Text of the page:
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View Full Version : Tenant damaged property- how should landlord proceed?



J-nine
24-02-2008, 10:34 AM
We are currently residing in south Africa, with a property in London. We had an Estate Agent managing the property. Council tenants moved in and were paying the rent until December, when we started to have a couple of hiccups and payments were not made in time or at all.
Last week we received a horror email from the Managing Agents stating that the Tenants had moved out the previous Friday and there was a large amount of damage to the property.
The damage included broken windows and doors. Missing doors and door frames. Chuncks out of the walls and damage to the carpet where a window had been left open and water had seeped into the carpet causing discolouration. One of the carpets have been cut out.
Forunately my spouse was visiting the UK and visited the property - to find it in a damaged state and completely filthy (toilet black and kitchen floor full of grime) truly disgusting.
The Managing Agents last visited the property 3 months ago and said that it wasn't damaged then.....
The Managing agents are refusing to take responsibility for the aprox 1500.00 damage.
We traced the tenant & she said that the damage was caused by wear and tear, but she suggested that we have the repairs done and she will re-imburse us. We obviously can not trust that this will happen....
Please, please does someone have any advise for us?

Beeber
24-02-2008, 11:13 AM
Was a dual signed inventory arranged at the start of the tenancy? In other words, do you have any proof that the property was let out in a good condition?

J-nine
24-02-2008, 12:00 PM
We have the Dual Inventory contract between the Managing Agents and ourselves. I am not certain at this point if the managing agent requested the tenant to sign the agreement.

Planner
24-02-2008, 20:36 PM
What protection does a landlord have against damage to property by tenant? - THE DEPOSIT

How much did they pay and whats left once you take the deposit off the £1500 repair bill? thats the difference the tenant should pay and you would have to take them to court to enforce it if they dont want to pay it. Of course if they are council tenants.... can they afford to pay it?

Beeber
24-02-2008, 22:05 PM
We have the Dual Inventory contract between the Managing Agents and ourselves. I am not certain at this point if the managing agent requested the tenant to sign the agreement.

Best check with the managing agent to see if they took the very basic step of getting this reviewed and signed by the tenant as the inventory is a key document when it comes to resolving the issue of damage to a property.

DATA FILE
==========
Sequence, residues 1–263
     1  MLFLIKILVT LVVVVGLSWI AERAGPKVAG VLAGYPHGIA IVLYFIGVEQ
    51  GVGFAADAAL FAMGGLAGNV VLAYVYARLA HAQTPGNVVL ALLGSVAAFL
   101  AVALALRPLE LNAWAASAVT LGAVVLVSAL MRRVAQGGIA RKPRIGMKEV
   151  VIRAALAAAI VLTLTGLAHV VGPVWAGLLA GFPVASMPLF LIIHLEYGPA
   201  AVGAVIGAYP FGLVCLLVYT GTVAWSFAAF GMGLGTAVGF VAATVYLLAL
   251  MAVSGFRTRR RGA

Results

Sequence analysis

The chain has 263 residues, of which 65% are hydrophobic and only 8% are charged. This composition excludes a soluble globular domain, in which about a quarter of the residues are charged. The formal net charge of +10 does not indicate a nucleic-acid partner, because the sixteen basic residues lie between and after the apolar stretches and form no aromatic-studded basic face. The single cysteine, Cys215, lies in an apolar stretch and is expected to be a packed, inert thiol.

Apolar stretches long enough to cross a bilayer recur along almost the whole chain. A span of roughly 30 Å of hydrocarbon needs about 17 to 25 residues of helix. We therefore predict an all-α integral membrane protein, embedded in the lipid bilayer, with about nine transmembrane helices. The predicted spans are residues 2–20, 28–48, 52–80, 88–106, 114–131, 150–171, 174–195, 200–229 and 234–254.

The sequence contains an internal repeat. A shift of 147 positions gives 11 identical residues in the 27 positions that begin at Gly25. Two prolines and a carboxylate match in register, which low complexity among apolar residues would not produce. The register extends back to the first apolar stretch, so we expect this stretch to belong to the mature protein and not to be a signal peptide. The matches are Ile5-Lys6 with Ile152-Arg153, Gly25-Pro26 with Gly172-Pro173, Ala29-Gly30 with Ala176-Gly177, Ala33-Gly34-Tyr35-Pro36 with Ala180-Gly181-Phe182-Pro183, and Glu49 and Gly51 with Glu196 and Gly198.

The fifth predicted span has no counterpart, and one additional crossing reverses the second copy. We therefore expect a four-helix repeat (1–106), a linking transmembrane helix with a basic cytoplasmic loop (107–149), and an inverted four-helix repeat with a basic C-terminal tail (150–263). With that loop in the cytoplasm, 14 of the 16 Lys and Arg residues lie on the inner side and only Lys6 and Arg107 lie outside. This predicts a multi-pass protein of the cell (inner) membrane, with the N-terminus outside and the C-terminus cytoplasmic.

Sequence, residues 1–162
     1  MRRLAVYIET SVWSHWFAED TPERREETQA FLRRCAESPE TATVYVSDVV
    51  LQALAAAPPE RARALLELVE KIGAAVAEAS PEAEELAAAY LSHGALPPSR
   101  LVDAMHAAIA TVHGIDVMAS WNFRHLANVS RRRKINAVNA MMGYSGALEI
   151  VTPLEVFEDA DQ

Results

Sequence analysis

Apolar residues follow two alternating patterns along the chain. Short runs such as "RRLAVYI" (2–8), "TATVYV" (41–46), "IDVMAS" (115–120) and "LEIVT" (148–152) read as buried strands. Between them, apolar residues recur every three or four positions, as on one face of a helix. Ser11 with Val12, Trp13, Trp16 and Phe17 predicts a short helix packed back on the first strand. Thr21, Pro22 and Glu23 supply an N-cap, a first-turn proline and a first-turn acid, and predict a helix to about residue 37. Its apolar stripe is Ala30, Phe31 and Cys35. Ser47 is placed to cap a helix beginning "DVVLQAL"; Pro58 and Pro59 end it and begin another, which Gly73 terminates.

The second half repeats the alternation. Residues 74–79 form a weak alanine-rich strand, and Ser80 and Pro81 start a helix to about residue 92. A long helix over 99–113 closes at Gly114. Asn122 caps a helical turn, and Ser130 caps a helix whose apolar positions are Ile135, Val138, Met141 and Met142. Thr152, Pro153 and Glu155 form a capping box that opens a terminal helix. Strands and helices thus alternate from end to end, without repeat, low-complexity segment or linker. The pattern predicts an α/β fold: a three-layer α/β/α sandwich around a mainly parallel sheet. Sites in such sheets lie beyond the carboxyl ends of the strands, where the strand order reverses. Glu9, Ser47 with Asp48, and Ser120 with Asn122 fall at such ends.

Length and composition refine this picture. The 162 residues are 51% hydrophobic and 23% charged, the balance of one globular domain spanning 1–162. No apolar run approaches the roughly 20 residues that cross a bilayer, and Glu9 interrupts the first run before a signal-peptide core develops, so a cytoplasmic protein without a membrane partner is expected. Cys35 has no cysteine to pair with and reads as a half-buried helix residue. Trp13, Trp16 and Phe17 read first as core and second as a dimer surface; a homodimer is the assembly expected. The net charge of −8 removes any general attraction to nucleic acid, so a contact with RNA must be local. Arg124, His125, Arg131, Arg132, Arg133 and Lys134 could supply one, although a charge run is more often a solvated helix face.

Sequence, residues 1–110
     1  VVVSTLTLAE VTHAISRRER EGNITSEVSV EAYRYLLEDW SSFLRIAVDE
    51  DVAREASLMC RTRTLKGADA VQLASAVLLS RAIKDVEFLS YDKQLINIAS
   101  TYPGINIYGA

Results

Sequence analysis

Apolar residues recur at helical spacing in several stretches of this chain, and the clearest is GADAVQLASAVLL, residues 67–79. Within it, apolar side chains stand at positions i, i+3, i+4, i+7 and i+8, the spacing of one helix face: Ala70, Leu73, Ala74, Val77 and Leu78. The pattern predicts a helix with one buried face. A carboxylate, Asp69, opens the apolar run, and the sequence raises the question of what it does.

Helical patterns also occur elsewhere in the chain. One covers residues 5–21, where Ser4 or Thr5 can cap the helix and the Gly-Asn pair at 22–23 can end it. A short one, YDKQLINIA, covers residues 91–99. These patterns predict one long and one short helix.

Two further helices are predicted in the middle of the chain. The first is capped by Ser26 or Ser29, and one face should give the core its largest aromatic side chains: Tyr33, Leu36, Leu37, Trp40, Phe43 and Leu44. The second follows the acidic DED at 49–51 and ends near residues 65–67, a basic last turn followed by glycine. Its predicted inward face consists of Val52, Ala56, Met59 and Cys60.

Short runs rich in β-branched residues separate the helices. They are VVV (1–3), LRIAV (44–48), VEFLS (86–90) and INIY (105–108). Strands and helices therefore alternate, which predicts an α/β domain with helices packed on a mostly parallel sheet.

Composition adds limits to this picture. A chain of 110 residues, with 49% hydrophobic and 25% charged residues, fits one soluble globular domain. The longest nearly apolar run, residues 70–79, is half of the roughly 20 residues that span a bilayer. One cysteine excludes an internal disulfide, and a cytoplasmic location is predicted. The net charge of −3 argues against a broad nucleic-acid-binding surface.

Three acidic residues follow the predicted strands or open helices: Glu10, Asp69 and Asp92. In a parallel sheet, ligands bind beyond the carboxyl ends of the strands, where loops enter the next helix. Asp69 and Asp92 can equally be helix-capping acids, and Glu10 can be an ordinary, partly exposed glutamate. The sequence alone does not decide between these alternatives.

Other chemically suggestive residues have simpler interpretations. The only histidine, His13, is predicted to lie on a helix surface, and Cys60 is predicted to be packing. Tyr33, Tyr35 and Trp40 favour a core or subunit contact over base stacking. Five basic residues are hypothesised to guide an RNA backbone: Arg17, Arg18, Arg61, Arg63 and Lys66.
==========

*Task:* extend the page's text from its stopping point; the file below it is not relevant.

Does your agent belong to a regulatory body, such as ARLA?

This forum debates the value of inventories and the consensus is that a landlord that doesn't have an inventory will have a weak case without one as it's essential evidence to prove the tenant is responsible for the damage to the property.

Tenants who come to this forum complaining about unfair deductions from rogue landlords are often advised to take their landlord to court and assured the judgement of a small claims case tends to go against any landlord that doesn't have one in place. In other words - no inventory = no deductions.

J-nine
01-03-2008, 11:13 AM
Thank you so much for all of your advise - it has been a great help.

The deposit was about 850.00 so we would be looking at a difference of about 650.00.

There are some major irregularities whereby the tenants kept pitbulls and the dogs were known for their bad behaviour in the street. We clearly stated that permission had to be granted if the tenant wanted to keep pets or if any changes needed to be made to either the cosmetic or structural effects of the property, due to the nature of the wooden floors we did not want animals in our house, but alas this managed to again fall through the cracks with the managing agents. The dogs have been responsible for a great deal of the damage caused to the house. Walls have changed colour and carpets have been removed and replaced with inferior carpeting (as this was all that the tenant could afford apparently) - these changes have been made without our permission.

Unfortunately the tenants are council tenants, so we are reluctant to go the court route as we feel that our efforts (time and money) will be futile.

It is heartbreaking that tenants can behave in this manner, as so much time and effort was taken in restoring our house, prior to the tenants moving in.

Grange
01-03-2008, 11:20 AM
Does your insurance cover this?

caroline7758
01-03-2008, 12:25 PM
I presume when you sau they are council tenants, you mean they are claiming Housing Benefit, rather than you are housing them on behalf of the council (in which case you might be able to claim from the council). They don't have much chance of becoming council tenants if they have abandoned a property.